Seventeen percent of the country hasn't yet heard enough about Hillary Rodham Clinton to have formed an opinion on her. "Hillary ... Clin-Ton?," they probably asked the pollsters CBS hired to do the new survey. "Hmmm. I remember a Phil Clinton from a few years back. Any relation?" Then they had to get off the phone, because "Vanderpump Rules"* was about to start.
We kid, of course, in the way that one kids when one is also sort of baffled. The CBS poll (of all adults, not just registered voters) goes over the effects of the e-mail controversy from earlier this month -- effects which, like everything these days, are very partisan.
CBS asked if the controversy changed peoples' opinions of Clinton: Zero Republicans said it did for the better; nearly all Democrats said it didn't have an effect.
CBS asked why people thought Clinton hosted her own e-mail system. Republicans mostly thought it was to hide information; Democrats (surprise!) mostly accepted Clinton's word that it was for her convenience.
And, of course, there's the partisan split on favorability. We've marked the net favorability beside each column below. Clinton is deep, deep underwater with Republicans -- and underwater (meaning in negative territory) overall.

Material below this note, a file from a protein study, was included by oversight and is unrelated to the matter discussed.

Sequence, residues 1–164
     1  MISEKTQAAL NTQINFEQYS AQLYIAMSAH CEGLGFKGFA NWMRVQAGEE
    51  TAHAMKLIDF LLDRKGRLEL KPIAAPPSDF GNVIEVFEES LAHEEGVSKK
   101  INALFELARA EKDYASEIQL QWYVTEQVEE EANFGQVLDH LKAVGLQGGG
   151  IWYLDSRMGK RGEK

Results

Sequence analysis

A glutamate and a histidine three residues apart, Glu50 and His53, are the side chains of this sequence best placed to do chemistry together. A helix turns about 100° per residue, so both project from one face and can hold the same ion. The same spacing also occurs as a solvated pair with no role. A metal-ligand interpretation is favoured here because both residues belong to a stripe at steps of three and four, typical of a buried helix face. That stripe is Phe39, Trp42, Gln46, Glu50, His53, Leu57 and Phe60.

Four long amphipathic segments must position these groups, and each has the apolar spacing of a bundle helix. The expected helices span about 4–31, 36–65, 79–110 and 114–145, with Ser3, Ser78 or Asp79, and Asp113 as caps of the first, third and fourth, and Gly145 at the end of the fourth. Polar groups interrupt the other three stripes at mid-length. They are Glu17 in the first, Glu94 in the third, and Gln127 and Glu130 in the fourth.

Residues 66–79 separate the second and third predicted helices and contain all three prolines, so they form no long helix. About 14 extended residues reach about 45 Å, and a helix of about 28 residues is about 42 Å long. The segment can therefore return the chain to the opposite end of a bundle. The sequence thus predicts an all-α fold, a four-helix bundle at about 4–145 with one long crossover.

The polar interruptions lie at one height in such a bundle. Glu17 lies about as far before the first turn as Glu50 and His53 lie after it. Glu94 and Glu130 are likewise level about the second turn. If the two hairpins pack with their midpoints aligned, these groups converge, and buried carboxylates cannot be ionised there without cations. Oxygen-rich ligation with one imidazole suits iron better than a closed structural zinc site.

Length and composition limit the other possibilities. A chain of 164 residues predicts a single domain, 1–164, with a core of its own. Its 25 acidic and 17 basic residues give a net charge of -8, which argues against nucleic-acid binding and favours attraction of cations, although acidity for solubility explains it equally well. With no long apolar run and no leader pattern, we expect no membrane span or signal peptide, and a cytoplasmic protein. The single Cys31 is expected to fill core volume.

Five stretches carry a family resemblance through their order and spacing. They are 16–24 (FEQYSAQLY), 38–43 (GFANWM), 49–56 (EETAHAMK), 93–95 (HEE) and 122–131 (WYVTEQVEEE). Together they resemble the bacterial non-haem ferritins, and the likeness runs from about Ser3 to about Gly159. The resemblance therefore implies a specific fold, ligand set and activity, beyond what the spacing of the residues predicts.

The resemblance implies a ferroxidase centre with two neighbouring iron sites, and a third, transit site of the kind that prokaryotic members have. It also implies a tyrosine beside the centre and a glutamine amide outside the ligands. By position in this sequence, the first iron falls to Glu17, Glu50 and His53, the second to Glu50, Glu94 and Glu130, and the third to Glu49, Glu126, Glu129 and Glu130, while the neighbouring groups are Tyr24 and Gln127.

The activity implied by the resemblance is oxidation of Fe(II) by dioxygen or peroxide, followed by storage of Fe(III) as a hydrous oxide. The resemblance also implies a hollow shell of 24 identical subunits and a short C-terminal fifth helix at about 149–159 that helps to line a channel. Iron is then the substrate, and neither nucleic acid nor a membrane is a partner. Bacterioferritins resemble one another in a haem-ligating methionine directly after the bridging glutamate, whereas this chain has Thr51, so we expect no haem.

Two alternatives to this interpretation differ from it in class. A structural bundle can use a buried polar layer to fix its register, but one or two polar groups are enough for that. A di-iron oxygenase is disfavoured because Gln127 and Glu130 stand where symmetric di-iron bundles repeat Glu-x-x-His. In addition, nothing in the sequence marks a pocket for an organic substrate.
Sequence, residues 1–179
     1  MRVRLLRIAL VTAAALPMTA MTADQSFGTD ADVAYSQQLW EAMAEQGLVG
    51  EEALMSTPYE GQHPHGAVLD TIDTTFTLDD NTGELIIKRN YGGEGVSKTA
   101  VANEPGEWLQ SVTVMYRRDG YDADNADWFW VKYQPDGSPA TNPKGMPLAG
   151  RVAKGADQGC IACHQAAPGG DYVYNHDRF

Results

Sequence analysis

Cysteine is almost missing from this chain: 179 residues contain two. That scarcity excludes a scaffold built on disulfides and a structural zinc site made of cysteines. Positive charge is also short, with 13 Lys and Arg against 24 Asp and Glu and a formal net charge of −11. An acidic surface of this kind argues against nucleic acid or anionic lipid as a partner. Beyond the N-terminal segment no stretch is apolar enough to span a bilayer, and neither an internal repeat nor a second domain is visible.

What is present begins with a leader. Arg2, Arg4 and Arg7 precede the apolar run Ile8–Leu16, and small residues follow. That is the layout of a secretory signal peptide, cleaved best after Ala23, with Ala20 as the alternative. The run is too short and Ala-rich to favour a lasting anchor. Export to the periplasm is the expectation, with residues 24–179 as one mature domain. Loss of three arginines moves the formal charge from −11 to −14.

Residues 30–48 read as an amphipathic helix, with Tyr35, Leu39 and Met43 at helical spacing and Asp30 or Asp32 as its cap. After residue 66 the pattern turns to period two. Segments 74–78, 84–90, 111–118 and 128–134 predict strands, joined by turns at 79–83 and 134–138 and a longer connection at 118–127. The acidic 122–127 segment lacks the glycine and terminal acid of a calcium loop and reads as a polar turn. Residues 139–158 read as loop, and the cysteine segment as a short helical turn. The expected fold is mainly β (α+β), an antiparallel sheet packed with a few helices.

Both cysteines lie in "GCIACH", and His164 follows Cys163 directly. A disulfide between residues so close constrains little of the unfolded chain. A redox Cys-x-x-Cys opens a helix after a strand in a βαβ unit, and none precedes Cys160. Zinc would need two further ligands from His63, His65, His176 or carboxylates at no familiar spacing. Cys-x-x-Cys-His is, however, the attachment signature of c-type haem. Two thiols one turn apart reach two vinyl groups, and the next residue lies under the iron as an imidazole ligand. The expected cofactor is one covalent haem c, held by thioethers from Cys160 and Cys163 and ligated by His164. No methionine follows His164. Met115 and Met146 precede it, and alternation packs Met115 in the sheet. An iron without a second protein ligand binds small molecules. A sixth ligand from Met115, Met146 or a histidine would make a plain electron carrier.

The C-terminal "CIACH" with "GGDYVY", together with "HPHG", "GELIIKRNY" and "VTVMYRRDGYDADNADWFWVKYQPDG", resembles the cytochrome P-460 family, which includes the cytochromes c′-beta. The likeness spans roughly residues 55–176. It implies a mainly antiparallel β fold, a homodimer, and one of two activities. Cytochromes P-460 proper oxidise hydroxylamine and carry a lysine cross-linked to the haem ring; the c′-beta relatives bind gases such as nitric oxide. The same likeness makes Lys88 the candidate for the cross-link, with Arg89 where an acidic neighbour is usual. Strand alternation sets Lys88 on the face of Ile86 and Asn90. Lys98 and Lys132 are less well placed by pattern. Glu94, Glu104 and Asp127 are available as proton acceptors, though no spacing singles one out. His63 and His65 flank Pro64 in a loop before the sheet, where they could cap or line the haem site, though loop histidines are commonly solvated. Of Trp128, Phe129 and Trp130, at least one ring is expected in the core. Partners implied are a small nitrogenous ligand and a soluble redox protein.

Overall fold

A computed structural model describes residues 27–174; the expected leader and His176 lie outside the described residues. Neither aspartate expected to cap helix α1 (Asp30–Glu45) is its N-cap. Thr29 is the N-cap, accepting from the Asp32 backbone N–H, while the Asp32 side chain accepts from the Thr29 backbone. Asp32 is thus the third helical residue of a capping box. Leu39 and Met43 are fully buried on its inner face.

That's a bit different than other recent polling. HuffPost Pollster has tracked her favorability since she became secretary of state. Her net approval has narrowed significantly, but still has been positive.
Part of this is due to CBS's offering space for people to indicate that they're uncertain or don't know enough. Earlier this month, we noted that those offering no opinion on Clinton in Gallup polling had increased recently. Often, that's a sign of people changing their minds. Instead of jumping from "I view this person favorably" to "I don't view this person favorably," people make a waystation in "I don't know how to feel."
In the CBS poll, though, the pollsters included the "I haven't heard enough option," with the unexpected results we mentioned at the outset. Before Sen. Ted Cruz (R-Tex.) announced his candidacy, we looked at his poll numbers, noting that nearly half of voters had no opinion on him. That's a very good example of a lot of people paying less attention to politics than you or me. A lot of people haven't heard of the junior senator from Texas! Fair enough.
But it's very surprising that almost a fifth of America hasn't heard enough about a two-term first lady, one-and-a-half term senator, and one-term secretary of state. Clinton could look at this as good news: Despite concerns that she's burdened with a heavy legacy which she needs to accommodate, there are plenty of people out there who are eager to hear more about this mysterious go-getter from Arkansas.
But Republicans can also take heart. That's because the poll suggests the largely positive reviews of Clinton we've seen in most recent polling might be softer than they appear at first glance.
* Not judging. I watch it, too. (Editor's Note: The Fix does not condone this behavior.)
This post has been updated to note the composition of those being polled.